Understanding Different Types of Dementia
Dementia is an umbrella term used to describe a range of neurological conditions affecting the brain that get worse over time.
Share this infographic to help spread the word about four different types of dementia. Click on the social media icons on this page, or copy and paste the URL and post it to your account (Twitter, Facebook, etc.).
Share on social media
Copy and paste these messages into social media to help spread the word about different types of dementia:
- Read and share this infographic from NIA to learn more about four different types of dementia. https://go.usa.gov/xtnug
- Learn about four different types of dementia, including what’s happening in the brain, diagnosis, and more in this infographic from NIA. https://go.usa.gov/xtnuk
- Did you know there are different types of dementia? Read about Alzheimer’s disease and related dementias in this infographic from NIA. https://go.usa.gov/xtnun
Understanding different types of dementia
As we age, it’s normal to lose some neurons in the brain. People living with dementia, however, experience far greater loss. Many neurons stop working, lose connections with other brain cells, and eventually die. At first, symptoms can be mild, but they get worse over time.
Read on to learn more about four different types of dementia.
[Note: Below is a chart of four columns and five rows that describes what’s happening in the brain, the symptoms, the typical age of diagnosis, diagnosis, and treatment of four types of dementia.]
Types of dementia
Alzheimer’s Disease, Frontotemporal Dementia, Lewy Body Dementia, and Vascular Dementia
What is happening in the brain?
Alzheimer’s disease: Abnormal deposits of proteins form amyloid plaques and tau tangles throughout the brain.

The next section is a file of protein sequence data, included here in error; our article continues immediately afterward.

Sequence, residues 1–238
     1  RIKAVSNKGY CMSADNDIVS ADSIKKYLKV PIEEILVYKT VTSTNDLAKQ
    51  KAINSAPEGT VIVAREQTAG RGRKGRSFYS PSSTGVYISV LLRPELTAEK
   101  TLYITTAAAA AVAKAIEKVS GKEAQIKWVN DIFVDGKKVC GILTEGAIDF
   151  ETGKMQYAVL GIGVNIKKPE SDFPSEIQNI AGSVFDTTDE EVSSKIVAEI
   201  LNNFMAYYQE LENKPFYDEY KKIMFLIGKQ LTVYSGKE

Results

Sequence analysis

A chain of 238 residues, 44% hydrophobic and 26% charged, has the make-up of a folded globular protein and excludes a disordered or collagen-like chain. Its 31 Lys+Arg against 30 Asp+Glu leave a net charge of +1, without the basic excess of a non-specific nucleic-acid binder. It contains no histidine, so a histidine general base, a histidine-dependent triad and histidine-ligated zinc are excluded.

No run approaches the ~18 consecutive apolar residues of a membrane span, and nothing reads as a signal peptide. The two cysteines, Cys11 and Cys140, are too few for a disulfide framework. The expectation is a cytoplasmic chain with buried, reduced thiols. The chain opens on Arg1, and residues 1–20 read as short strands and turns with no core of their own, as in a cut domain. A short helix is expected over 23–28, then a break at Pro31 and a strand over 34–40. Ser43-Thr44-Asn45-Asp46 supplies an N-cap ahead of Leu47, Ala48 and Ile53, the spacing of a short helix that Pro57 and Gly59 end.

Frontotemporal dementia: Abnormal amounts or forms of tau and TDP-43 proteins accumulate inside neurons in the frontal and temporal lobes.
Lewy body dementia: Abnormal deposits of the alpha-synuclein protein, called “Lewy bodies,” affect the brain’s chemical messengers.
Vascular dementia: Conditions, such as blood clots, disrupt blood flow in the brain.
Note that these changes are just one piece of a complex puzzle that scientists are studying to understand the underlying causes of these forms of dementia and others.
Symptoms of Alzheimer’s disease
- Wandering and getting lost
- Repeating questions
- Problems recognizing friends and family
- Impulsive behavior
- Cannot communicate
Symptoms of frontotemporal dementia
Behavioral and Emotional
- Difficulty planning and organizing
- Impulsive behaviors
- Emotional flatness or excessive emotions
- Shaky hands
- Problems with balance and walking
- Difficulty making or understanding speech
There are several types of frontotemporal disorders, and symptoms can vary by type.
Symptoms of Lewy body dementia
- Inability to concentrate, pay attention, or stay alert
- Disorganized or illogical ideas
- Muscle rigidity
- Loss of coordination
- Reduced facial expression
- Excessive daytime sleepiness
Symptoms of vascular dementia
- Forgetting current or past events
- Misplacing items
- Trouble following instructions or learning new information
- Hallucination or delusions
- Poor judgment
Typical age of diagnosis for Alzheimer’s disease: Mid-60s and above, with some cases in mid-30s to 60s
Typical age of diagnosis of frontotemporal dementia: Between 45 and 64
Typical age of diagnosis of Lewy body dementia: 50 or older
Typical age of diagnosis of vascular dementia: Over 65
Diagnosis for these four types of dementia
Symptoms can be similar among different types of dementia, and some people have more than one form of dementia, which can make an accurate diagnosis difficult. Symptoms can also vary from person to person. Doctors may ask for a medical history, complete a physical exam, and order neurological and laboratory tests to help diagnose dementia.
Treatment for these four types of dementia
There is currently no cure for these types of dementia, but some treatments are available. Speak with your doctor to find out what might work best for you.
Living with dementia can be challenging, but there are ways to manage it. Learn more about the types of dementia and other conditions that can cause dementia.